Admissions Chances at Good Tech Schools - Biracial Female 22´

I´ll keep it short and sweet. I´m a female in the class of 2022 graduating HS. How my friends would describe me is resourceful, innovative, and ambitious. I want to enter a field at the intersection of CS, Ethics, and Entrepreneurship.

Demographics: Eurasian (Female, White/East Asian)

  • US domestic (US citizen or permanent resident) or international student
  • State/Location of residency: Massachusetts (state is important if you apply to any state universities)
  • Type of high school (current college for transfers): Public, suburban, athletic-heavy, small (around 200 per grade)
  • Gender/Race/Ethnicity (optional):
  • Other special factors (first generation to college, legacy, athlete, etc.): Cousin went to Cornell

Intended Major(s): Computer Science, Business

GPA, Rank, and Test Scores: 3.8 GPA, Class rank unknown, 1510 on SAT on 1st try

  • Unweighted HS GPA: 3.8
  • Weighted HS GPA (incl. weighting system): 4.1
  • College GPA (for transfers): N/A
  • Class Rank: Unknown
  • ACT/SAT Scores: 1510 on SAT 1st try

(AP/IB/Dual Enrollment classes, AP/IB scores for high school; also include level of math and foreign language reached and any unusual academic electives; for transfers, describe your college courses and preparation for your intended major(s)): AP Environmental Science in Sophomore Year (received 5), AP Chemistry (Junior Year), AP Statistics (Junior Year), AP Computer Science A (Self Study in Junior Year), AP Computer Science Principles (Self Study in Junior Year)


  • High honors freshman and sophomore year
  • Finalist in International University level Design Competition
  • 2021 Massachusetts NCWIT Winner
  • Best Visual Award at hackathon
  • 2nd Place at hackathon
  • Poem published in bestselling anthology of diverse perspectives

(Include leadership, summer activities, competitions, volunteering, and work experience)

  • Founder and editor in chief of school newspaper
  • Graphic designer and French Lead at international club
  • Member of magazine club and book club
  • Associate at university tech startup w app on mental health and LGBTQ+ community
  • Operations member at nonprofit promoting womxn in STEM
  • Previous LaunchX attendee (2020)
  • Founded platform that reached 800+ people in 3 months
  • Mentoring youth in the community
  • Past community service teaching Python for a nonprofit

(Optionally, guess how strong these are and include any other relevant information or circumstances.) Very strong. Personal story about interning at business development at startup

Cost Constraints / Budget
(High school students: please get a budget from your parents and use the Net Price Calculators on the web sites of colleges of interest.) $50K per year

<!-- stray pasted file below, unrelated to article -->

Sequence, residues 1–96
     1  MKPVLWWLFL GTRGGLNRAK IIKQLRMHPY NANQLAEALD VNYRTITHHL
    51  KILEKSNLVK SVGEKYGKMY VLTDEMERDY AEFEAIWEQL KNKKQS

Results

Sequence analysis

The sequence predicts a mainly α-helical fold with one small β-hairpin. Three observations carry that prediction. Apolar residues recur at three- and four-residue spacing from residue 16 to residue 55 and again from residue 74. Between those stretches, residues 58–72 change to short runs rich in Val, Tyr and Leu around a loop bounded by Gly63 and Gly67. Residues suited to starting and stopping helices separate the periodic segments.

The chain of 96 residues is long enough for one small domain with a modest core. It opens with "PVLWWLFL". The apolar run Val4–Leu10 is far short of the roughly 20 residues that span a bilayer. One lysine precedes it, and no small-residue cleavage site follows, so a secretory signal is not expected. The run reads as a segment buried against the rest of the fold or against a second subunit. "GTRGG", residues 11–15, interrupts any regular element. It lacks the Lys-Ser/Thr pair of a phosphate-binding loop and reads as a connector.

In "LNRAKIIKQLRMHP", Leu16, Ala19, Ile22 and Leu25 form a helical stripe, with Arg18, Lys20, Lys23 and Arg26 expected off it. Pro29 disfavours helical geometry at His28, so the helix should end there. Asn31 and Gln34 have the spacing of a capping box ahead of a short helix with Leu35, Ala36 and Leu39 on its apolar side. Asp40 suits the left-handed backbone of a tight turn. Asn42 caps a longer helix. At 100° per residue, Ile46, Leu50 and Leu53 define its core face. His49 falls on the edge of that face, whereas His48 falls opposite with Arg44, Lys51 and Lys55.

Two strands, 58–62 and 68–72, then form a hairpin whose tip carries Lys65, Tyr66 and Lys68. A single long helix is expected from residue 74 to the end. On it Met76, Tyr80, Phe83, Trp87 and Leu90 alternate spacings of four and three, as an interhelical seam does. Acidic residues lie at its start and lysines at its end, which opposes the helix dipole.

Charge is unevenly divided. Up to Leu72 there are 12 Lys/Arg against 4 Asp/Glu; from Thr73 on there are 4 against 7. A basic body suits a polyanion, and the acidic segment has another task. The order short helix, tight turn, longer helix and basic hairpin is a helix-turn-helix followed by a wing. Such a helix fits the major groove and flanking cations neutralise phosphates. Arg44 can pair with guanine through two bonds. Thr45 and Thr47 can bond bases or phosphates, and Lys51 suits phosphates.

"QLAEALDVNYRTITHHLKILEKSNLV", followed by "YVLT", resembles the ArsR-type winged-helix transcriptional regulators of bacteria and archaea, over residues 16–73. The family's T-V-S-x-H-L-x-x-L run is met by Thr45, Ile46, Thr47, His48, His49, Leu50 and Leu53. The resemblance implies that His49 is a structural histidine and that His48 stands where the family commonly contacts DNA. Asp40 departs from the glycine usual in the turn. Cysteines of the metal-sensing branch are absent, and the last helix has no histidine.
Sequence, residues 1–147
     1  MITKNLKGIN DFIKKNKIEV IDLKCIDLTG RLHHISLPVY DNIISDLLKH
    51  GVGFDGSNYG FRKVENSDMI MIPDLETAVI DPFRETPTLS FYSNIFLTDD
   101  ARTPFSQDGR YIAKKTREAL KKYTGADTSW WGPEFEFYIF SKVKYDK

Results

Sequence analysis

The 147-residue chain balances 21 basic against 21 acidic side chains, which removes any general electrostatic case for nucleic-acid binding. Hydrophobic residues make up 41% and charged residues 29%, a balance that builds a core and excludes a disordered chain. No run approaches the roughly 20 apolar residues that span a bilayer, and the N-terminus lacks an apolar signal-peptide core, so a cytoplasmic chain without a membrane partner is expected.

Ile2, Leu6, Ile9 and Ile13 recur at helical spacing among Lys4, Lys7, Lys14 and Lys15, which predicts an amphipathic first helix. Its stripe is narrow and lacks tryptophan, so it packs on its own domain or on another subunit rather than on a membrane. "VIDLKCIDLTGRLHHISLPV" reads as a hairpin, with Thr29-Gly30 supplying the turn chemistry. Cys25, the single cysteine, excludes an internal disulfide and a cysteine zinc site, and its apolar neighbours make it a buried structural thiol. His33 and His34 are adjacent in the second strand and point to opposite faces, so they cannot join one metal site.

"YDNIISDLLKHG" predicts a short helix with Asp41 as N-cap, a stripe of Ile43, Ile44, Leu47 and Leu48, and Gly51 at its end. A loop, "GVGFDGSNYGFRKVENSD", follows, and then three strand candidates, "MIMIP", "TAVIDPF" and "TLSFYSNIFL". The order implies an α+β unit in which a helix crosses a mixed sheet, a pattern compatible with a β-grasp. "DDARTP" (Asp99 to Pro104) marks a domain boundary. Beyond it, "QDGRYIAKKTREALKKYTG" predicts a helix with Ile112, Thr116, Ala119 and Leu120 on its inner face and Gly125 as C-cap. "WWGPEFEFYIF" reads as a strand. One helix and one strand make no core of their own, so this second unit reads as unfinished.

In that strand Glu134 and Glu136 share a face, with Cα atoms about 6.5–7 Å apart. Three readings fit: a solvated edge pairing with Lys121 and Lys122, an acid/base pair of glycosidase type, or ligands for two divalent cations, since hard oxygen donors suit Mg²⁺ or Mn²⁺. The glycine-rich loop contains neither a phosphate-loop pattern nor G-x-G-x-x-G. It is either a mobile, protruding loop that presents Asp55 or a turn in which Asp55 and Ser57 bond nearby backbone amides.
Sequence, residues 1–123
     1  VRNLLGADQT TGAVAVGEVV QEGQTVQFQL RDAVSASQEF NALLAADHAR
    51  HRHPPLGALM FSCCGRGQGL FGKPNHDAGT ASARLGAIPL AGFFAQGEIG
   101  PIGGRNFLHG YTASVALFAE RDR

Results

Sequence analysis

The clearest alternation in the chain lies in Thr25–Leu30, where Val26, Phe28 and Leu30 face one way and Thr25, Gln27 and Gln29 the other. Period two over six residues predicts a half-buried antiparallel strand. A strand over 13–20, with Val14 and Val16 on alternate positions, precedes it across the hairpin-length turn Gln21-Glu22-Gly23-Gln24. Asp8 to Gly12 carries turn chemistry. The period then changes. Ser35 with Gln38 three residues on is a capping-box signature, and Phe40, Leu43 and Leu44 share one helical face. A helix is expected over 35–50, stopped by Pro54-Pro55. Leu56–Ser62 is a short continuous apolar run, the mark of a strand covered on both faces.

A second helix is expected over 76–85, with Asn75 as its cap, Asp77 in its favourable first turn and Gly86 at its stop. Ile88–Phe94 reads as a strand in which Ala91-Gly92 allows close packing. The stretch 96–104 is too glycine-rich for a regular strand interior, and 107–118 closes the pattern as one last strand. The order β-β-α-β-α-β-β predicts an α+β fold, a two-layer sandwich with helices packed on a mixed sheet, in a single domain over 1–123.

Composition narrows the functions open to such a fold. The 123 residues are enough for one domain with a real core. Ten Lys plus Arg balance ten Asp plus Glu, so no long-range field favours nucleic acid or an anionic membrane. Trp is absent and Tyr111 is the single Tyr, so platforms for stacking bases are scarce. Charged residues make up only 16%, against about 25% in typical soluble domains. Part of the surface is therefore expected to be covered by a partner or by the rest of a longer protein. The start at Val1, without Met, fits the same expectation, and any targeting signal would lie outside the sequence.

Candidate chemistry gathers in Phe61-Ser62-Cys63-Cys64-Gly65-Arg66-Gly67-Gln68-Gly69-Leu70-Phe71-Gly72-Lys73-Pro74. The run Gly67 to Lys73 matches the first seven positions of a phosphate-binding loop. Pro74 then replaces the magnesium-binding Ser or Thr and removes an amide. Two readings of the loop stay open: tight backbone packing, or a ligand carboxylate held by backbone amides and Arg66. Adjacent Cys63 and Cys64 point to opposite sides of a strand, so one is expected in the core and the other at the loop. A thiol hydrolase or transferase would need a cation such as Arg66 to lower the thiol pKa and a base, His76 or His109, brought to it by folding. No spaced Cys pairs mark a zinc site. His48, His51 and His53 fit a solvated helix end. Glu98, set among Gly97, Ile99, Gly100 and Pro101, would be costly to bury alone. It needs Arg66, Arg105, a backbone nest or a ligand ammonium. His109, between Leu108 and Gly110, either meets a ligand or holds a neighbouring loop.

(List of colleges by your initial chance estimate; designate if applying ED/EA/RD; if a scholarship is necessary for affordability, indicate that you are aiming for a scholarship and use the scholarship chance to estimate it into the appropriate group below)

  • Safety (certain admission and affordability) Boston University (80% of kids from my school who applied got in) - ED, Northeastern University (people from school got accepted)
  • Likely (would be possible, but very unlikely or surprising, for it not to admit or be affordable) UCLA - ED
  • Match UC Berkeley - EA, UCLA - EA, Cornell - EA, USC - EA
  • Reach MIT - ED, UPenn - EA, Brown - EA, Stanford - EA

I think your matches are reaches. Any Ivy is a reach. OOS for CS at a top UC is a reach too. ED could give you a slight bump but still tough.


You may want to take the UC’s off of your application list because they don’t offer any decent merit or financial aid to non-resident students.

You would be full pay, at these public schools, whose priority is to provide resident students with a quality instate education. The costs to non-residents are $65,000 a year. Expect these fees to go up. If your parents don’t have an issue with paying this kind of money, then apply. Because of state laws, the UCs cannot consider ethnicity/race for admission.

The UC’s also don’t have early action or early decision. Who advised you that they did?

Please consider your parents’ finances. I’m concerned that some of the schools that you’ve chosen are above your budget-like USC- it is going to run about $72k to $80k a year after expenses. Boston U is also pricey.

I am concerned that you also have no real, affordable safeties. This year, and in many years past, a number of students applied to reach schools, with no real safeties and didn’t get in anywhere, or were rejected based on inaccurate assumptions.

At least, add in your in-state schools as safeties.
Many students are currently waiting for the NASAC list to come out on May 1, because they didn’t get in anywhere and their only other option, right now, is a community college which a lot of students, for some reason, won’t or can’t accept.

There just are too many strong students from all over this country, and internationally, applying to the same “name brand” universities. There are only so many seats at the schools; the numbers are finite. (Berkeley does have one of the largest weed out classes with 1000 students and the largest lecture hall has only 750 seats- so they have to use an overflow lecture hall.)

Review your list and research the schools before you assume that they have early decision or early action. Then make a list of in-state schools that you would not mind attending if you didn’t get in to your top picks. Go over the list with your school counselor. Ask questions. Advise your parents that some of these schools are going to be over their college budget. Will they be OK with them taking out extra loans?